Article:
How to house-train your puppy

A black puppy standing next to a small puddle of pee

The number one priority on a new puppy parent’s list? House-training. As a rule of thumb, your dog can be considered officially house-trained when they can go one month without any accidents. Puppies lack the bladder muscle control of adult dogs and may regress during adolescence, but with patience, commitment, and consistency, they emerge from the other side fully house-trained.

Tips on house-training your puppy

  • Take your puppy out often. Depending on age and size, your puppy may need to potty anywhere between every 30 to 90 minutes. Many puppies need a bathroom break after any kind of status change–waking up, finishing a meal, playing, etc.
  • Use positive reinforcement only. Archaic house-training methods encouraged rubbing your puppy’s nose in their pee or smacking them with a newspaper. However, these methods teach dogs that it’s unsafe to potty in your presence, making house-training more stressful for everyone. Instead, clean up any accidents calmly and make it rain treats and praise when they go in the right spot.
  • Stick to a schedule. Keep feeding times and potty breaks consistent. In the long run, once your pup develops the right muscles, the regularity of their routine helps them anticipate an upcoming bathroom break. On your end, once you get a sense of how long after a meal your dog needs to poop, you eliminate the guesswork and can set your dog up for success.
  • Limit space. Use your dog’s crate or baby gates to control their access to the house. Once they have proven themselves reliable about not pottying in a certain location, you can expand their access. If they have an accident, reduce space again. This teaches your dog that the entire interior of your living space is off-limits, not just whichever room they eat and sleep in.
  • Be consistent from the beginning. Many puppies struggle to learn the difference between a pee pad and a rug. While helpful during the initial stages of puppy rearing, pee pads can draw out the house-training process for longer. Training your puppy to potty outside from the beginning makes it simpler for everyone.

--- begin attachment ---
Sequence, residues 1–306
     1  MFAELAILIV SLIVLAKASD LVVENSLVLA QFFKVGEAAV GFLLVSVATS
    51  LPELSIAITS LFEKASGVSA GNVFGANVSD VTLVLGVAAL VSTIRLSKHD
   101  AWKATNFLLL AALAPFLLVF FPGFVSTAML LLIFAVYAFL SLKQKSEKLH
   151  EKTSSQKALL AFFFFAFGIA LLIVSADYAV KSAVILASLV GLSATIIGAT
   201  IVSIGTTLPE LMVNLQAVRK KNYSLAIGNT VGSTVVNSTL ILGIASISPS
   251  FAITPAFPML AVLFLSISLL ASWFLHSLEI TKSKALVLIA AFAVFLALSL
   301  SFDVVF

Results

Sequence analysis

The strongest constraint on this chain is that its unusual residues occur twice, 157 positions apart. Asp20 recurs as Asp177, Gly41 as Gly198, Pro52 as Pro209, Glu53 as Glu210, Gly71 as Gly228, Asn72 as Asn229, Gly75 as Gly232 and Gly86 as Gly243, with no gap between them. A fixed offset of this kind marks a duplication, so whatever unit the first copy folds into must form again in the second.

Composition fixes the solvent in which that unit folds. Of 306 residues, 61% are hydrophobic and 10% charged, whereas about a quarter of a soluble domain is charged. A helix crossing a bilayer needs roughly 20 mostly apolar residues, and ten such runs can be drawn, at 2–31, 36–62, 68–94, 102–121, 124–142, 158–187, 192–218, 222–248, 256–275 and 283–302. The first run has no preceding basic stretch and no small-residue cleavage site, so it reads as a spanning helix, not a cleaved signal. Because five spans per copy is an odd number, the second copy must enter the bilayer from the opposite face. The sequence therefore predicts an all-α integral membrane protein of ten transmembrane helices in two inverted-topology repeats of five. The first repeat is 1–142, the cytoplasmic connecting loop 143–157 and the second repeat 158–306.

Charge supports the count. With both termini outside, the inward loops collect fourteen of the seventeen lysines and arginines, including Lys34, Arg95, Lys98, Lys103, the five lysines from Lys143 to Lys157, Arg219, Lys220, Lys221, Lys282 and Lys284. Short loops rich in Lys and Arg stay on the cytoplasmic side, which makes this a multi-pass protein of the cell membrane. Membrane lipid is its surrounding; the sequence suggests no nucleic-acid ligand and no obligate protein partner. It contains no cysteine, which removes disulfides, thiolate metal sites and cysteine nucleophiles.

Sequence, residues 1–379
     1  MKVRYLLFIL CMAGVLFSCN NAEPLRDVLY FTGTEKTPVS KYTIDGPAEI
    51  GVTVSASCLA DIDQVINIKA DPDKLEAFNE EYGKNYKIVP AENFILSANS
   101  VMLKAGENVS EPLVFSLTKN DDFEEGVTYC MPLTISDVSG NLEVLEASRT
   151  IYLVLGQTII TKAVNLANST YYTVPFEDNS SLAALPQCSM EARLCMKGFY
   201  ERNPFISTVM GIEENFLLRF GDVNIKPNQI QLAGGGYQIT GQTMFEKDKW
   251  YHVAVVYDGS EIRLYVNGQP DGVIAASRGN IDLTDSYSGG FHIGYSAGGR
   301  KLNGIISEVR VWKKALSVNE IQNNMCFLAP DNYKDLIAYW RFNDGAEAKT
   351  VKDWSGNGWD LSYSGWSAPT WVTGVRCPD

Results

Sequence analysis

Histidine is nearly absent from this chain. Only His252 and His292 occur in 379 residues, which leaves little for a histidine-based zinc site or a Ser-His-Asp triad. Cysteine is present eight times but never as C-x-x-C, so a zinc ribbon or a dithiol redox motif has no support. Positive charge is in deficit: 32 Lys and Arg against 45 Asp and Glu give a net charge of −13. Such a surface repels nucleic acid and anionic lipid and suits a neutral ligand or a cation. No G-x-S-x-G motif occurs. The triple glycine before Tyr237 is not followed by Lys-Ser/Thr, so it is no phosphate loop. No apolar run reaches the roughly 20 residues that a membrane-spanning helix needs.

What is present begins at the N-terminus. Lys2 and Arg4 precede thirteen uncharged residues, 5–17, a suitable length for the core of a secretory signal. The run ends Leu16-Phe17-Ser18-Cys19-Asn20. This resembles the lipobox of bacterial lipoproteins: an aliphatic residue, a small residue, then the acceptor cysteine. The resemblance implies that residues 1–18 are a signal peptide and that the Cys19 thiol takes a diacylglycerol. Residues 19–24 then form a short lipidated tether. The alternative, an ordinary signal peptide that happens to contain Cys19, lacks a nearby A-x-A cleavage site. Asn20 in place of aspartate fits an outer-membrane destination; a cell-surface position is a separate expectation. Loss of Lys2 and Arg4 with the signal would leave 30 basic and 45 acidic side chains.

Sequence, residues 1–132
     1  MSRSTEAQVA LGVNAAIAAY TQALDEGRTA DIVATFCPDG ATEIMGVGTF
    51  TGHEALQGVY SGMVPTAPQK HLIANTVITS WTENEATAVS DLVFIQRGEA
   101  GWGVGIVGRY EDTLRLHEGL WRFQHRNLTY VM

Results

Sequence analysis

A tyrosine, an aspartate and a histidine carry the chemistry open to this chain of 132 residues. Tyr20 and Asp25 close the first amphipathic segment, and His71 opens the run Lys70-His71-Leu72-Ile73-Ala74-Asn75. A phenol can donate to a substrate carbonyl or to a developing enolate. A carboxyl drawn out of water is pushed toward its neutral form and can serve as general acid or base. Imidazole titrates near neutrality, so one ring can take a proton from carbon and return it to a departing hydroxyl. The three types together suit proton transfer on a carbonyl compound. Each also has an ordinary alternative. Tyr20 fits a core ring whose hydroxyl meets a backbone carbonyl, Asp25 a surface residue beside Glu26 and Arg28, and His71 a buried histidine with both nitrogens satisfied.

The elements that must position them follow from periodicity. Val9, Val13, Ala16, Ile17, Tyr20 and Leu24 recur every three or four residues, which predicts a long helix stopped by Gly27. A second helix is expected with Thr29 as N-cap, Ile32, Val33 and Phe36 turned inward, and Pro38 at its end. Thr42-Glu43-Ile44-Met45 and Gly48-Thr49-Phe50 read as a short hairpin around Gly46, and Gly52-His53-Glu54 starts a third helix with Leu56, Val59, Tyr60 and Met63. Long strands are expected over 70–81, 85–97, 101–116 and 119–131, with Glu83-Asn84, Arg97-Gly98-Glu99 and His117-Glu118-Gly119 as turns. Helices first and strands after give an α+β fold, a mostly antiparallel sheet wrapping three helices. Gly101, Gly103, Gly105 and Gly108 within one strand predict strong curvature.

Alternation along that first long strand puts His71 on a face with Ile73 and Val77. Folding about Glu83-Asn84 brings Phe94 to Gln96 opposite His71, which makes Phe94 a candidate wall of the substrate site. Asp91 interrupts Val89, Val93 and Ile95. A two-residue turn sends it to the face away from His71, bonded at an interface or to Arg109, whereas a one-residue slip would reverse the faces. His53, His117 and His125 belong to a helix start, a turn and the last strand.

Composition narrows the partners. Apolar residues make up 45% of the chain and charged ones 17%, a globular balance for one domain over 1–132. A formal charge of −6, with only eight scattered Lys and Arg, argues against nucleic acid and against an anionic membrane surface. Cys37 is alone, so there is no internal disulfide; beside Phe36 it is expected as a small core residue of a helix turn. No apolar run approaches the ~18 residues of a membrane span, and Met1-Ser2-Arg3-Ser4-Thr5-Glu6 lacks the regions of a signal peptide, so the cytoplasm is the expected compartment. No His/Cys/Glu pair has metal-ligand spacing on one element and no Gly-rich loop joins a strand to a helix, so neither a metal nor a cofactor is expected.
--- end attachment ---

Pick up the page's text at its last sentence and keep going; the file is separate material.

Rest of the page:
Suggested equipment

  • Enzymatic cleaners formulated for dog urine and feces
  • Crate
  • Treats
  • Potty bells

Why you should use potty bells

House-training consists of two elements: your puppy learning to hold it until they get outside and you learning to read their signals. Canine communication can be fairly subtle–your dog might whine, circle one spot, or sniff the ground before abruptly squatting. If you’re not keeping a close eye on your puppy, you might miss the signs.

Potty bells give your dog a way to get your attention without having to bark or suffer in silence. They can learn to target a bell with their nose or paw, or use a button placed on the ground.

Gentle Beast offers online training courses led by pet behavior expert Alex Sessa, CPDT-KA. Our House-training course helps you troubleshoot your house-training efforts, set your new dog up for success, and even train them to use potty bells.

About the Author

A picture of Melody smiling towards the camera
Melody Lee
Contributing Writer

Melody Lee is a contributing writer for Gentle Beast, and is a CPDT-KA dog trainer. She lives in Manhattan with two feral cats, Littlepip and Alphonse, that tolerate her clicker training attempts. One day, her cats might let her adopt a dog of her own.

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